Cleansing Fire

Defending Truth and Tradition in the Roman Catholic Church


Vatican Sex Ed–World Youth Day–child abuse?

August 9th, 2016, Promulgated by Diane Harris

Two separate incidents have been brought to light by LifeSiteNews regarding what is difficult not to call “child abuse.” And one might go so far as to clarify the occurrences more specifically as “Sexual Abuse of Children.”  Here are the two incidents:

I’m not going to dissect the articles and make the obvious argument. I think with straightforward reading anyone should be able to see the intended seduction of young consciences, and interference in parents’ rights. Beyond these souls, these actions are, IMO, a direct attack on parenting, church teaching and the tradition of World Youth Day.  Once parents can no longer trust a WYD agenda or ‘safe environment’ the whole WYD structure will fall apart.

If this were to continue, Zika virus may be the least of the risks in Panama.


29 Responses to “Vatican Sex Ed–World Youth Day–child abuse?”

  1. avatar Ron says:

    Always take reports from LifeSiteNews with a grain of salt. They are notoriously anti-Pope and anti-Vatican.

  2. avatar Diane Harris says:

    @Ron, I don’t reach the same conclusion as you after following LifeSiteNews for years. I think LSN’s diligence in reporting is commendable and courageous. But I will stay open to your conclusion if you cite a few examples of how LSN “always” has been “anti-Pope and Vatican.”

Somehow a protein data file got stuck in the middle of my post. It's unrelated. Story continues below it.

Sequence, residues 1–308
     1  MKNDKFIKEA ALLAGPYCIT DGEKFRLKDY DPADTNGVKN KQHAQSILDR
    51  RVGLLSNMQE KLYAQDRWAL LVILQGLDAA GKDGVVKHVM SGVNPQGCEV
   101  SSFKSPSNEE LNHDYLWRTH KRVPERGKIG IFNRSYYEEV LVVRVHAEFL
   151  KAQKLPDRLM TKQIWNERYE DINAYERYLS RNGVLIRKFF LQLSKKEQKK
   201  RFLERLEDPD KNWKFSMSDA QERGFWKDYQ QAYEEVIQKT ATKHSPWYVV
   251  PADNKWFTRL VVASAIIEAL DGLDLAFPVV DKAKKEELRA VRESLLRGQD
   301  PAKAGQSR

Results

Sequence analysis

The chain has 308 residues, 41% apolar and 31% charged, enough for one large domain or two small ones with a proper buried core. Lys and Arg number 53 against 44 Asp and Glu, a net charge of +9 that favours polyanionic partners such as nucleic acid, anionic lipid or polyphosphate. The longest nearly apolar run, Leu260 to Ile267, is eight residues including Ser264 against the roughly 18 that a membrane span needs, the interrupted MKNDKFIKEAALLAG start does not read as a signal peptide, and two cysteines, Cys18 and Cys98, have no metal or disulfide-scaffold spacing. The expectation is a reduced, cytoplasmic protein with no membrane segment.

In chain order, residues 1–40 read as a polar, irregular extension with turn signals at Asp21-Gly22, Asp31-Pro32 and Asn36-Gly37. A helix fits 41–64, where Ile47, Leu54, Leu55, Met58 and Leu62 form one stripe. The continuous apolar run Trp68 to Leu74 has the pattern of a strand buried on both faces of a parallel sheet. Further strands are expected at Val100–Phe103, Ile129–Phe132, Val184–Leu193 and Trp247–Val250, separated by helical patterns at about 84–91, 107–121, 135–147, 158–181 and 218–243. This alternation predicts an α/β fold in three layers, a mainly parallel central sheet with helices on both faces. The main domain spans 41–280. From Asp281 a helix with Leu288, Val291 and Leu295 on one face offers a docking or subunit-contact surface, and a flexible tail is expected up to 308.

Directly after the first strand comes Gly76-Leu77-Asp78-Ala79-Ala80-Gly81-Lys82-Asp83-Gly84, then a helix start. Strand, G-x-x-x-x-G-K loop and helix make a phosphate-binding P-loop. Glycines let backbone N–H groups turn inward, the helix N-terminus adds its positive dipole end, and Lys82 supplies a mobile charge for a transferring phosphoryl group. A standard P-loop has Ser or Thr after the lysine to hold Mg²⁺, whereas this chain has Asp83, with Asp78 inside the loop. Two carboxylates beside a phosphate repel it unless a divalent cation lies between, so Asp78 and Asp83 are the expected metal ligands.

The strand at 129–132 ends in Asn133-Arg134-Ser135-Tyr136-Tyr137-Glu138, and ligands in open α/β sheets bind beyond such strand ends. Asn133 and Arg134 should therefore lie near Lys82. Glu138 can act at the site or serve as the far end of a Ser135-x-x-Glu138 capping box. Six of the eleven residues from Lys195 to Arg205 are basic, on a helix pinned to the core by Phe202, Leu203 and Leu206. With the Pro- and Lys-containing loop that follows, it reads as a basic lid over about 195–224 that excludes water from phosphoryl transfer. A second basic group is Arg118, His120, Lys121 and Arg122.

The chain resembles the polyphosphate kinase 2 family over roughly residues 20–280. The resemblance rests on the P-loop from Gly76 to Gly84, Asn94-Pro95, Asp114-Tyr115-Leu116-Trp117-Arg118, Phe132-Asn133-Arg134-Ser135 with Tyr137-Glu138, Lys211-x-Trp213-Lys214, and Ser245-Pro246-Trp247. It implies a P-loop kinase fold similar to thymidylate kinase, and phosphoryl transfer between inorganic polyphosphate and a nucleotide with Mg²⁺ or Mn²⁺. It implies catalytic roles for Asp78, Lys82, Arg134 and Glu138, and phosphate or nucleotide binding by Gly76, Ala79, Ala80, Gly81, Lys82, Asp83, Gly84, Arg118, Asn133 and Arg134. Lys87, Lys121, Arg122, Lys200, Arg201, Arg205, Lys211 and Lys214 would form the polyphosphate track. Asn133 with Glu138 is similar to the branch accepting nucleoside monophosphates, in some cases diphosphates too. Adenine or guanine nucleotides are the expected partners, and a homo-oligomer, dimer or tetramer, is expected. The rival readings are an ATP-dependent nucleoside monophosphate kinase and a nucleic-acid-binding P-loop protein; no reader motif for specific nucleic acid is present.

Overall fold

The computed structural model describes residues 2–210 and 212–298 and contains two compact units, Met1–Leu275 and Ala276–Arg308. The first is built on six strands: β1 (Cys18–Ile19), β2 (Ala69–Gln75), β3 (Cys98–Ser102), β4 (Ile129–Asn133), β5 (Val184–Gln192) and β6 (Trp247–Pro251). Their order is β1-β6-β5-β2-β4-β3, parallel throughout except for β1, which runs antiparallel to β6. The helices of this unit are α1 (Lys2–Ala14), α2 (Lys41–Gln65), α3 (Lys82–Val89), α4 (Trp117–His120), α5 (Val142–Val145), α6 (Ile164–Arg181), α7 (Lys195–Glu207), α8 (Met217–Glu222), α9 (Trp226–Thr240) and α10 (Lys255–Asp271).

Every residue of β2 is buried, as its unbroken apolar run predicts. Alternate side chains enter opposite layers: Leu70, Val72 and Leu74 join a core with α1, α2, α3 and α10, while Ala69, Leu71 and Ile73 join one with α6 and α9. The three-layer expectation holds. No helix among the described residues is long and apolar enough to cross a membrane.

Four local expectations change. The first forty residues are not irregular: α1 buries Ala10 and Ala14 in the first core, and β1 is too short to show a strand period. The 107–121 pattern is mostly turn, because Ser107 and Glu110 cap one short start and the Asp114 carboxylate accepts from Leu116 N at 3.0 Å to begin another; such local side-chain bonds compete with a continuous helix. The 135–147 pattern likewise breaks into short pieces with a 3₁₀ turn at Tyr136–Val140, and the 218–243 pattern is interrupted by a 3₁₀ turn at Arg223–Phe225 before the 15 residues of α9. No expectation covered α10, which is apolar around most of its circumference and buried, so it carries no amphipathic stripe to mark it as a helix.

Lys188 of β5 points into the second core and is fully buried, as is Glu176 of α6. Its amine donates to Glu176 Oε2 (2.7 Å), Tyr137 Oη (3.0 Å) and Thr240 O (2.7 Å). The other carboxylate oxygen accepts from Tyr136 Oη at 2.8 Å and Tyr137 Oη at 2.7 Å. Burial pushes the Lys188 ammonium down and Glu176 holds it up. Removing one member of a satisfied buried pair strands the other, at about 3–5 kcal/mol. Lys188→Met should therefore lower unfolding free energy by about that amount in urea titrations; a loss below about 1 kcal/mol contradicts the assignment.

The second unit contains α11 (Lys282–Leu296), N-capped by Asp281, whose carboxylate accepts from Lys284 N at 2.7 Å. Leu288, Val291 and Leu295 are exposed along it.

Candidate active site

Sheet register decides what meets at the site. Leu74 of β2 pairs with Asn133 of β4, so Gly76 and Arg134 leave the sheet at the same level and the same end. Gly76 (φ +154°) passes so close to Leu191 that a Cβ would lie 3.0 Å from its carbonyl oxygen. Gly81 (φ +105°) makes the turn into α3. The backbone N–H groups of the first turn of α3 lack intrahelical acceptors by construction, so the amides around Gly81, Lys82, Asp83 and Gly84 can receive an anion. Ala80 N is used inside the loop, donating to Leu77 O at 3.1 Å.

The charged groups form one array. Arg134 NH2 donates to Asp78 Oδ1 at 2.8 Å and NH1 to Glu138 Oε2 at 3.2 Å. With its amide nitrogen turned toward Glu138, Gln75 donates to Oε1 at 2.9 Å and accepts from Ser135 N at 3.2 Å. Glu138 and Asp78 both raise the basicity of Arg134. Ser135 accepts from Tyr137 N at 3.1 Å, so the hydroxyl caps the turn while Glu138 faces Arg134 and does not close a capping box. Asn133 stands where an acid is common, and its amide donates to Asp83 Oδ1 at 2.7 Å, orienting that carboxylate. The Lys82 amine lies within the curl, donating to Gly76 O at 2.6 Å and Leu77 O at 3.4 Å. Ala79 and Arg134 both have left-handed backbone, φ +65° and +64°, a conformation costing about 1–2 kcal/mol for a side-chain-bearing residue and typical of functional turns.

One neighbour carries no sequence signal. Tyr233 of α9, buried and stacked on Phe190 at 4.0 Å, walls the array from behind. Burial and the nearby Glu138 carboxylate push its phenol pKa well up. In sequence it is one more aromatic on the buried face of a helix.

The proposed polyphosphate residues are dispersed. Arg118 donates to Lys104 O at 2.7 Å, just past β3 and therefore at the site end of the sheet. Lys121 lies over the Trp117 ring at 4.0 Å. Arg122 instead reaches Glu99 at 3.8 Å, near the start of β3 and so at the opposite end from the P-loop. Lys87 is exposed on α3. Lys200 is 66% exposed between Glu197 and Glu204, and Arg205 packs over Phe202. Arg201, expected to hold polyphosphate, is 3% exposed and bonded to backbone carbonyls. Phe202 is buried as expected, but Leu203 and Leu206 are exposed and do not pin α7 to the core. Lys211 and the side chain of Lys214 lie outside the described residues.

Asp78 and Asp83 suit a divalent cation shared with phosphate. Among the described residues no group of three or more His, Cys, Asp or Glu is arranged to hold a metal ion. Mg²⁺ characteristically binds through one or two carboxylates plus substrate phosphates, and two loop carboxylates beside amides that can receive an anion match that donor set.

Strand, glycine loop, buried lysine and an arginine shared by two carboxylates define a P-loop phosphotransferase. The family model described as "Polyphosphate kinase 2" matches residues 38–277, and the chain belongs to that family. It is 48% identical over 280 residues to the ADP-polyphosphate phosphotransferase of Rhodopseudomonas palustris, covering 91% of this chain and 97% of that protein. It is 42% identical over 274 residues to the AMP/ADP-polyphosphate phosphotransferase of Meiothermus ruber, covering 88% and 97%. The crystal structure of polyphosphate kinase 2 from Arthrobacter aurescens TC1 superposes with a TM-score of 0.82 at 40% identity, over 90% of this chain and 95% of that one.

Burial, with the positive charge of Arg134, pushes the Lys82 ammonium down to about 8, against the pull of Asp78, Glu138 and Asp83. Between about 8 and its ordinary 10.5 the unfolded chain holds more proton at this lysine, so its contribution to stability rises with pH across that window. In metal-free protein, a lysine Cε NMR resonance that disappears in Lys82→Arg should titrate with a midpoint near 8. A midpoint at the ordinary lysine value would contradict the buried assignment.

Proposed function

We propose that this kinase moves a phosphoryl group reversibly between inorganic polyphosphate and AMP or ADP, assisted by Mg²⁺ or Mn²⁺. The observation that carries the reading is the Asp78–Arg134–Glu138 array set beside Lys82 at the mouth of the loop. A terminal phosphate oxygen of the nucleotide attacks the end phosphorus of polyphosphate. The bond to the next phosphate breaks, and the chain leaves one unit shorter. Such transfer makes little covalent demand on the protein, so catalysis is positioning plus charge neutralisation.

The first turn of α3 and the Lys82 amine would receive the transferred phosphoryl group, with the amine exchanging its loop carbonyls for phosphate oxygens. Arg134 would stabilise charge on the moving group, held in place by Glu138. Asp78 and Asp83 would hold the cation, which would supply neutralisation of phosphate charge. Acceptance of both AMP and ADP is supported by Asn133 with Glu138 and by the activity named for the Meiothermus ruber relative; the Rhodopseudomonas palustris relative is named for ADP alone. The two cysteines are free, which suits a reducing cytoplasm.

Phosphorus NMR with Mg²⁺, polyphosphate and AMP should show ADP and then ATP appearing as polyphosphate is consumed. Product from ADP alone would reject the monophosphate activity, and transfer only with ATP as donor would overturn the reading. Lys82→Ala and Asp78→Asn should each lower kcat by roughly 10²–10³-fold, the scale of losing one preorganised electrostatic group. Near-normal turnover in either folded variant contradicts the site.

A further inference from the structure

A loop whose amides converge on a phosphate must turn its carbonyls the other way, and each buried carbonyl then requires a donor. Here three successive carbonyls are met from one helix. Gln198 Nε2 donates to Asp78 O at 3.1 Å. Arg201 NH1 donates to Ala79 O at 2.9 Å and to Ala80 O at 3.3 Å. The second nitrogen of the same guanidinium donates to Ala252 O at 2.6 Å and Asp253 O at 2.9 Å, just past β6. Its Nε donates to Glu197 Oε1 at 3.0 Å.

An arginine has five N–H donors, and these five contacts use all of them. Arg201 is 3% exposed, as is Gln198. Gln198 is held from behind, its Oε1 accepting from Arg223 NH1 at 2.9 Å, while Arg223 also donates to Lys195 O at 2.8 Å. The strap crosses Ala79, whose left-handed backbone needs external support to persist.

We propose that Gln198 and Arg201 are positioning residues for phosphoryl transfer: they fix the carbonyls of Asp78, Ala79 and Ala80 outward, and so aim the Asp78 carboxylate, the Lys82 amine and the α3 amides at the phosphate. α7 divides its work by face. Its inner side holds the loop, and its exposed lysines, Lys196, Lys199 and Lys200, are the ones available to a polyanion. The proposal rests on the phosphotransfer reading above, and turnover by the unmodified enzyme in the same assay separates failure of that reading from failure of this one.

3. avatar Ron says:

    Now, Now – don’t distort what I said. I did not say “always” in terms of their being “anti-Pope and anti-Vatican.” I said “always” in terms of taking reports from the site with a grain of salt. Two separate sentences. The always is clearly a warning to readers. It is not saying they are always anti-Pope. In fact, they have said some positive things about the Pope.

    But they also have a habit of putting rumors and allegations in the most negative light, such as regularly giving a negative spin to mass media reports about what the pope allegedly said, only to have it turn out later that that’s not what the Pope actually said, or that the statement was taken out of context.

  4. avatar Ron says:

    And don’t give me the “that’s just one example” argument. There are many more. But I have work to do that requires my attention. So, just go back to my original statement: Be cautious about reports from this site. Not DON’T EVER BELIEVE THEM, just be careful and check other sources because they do have a bias.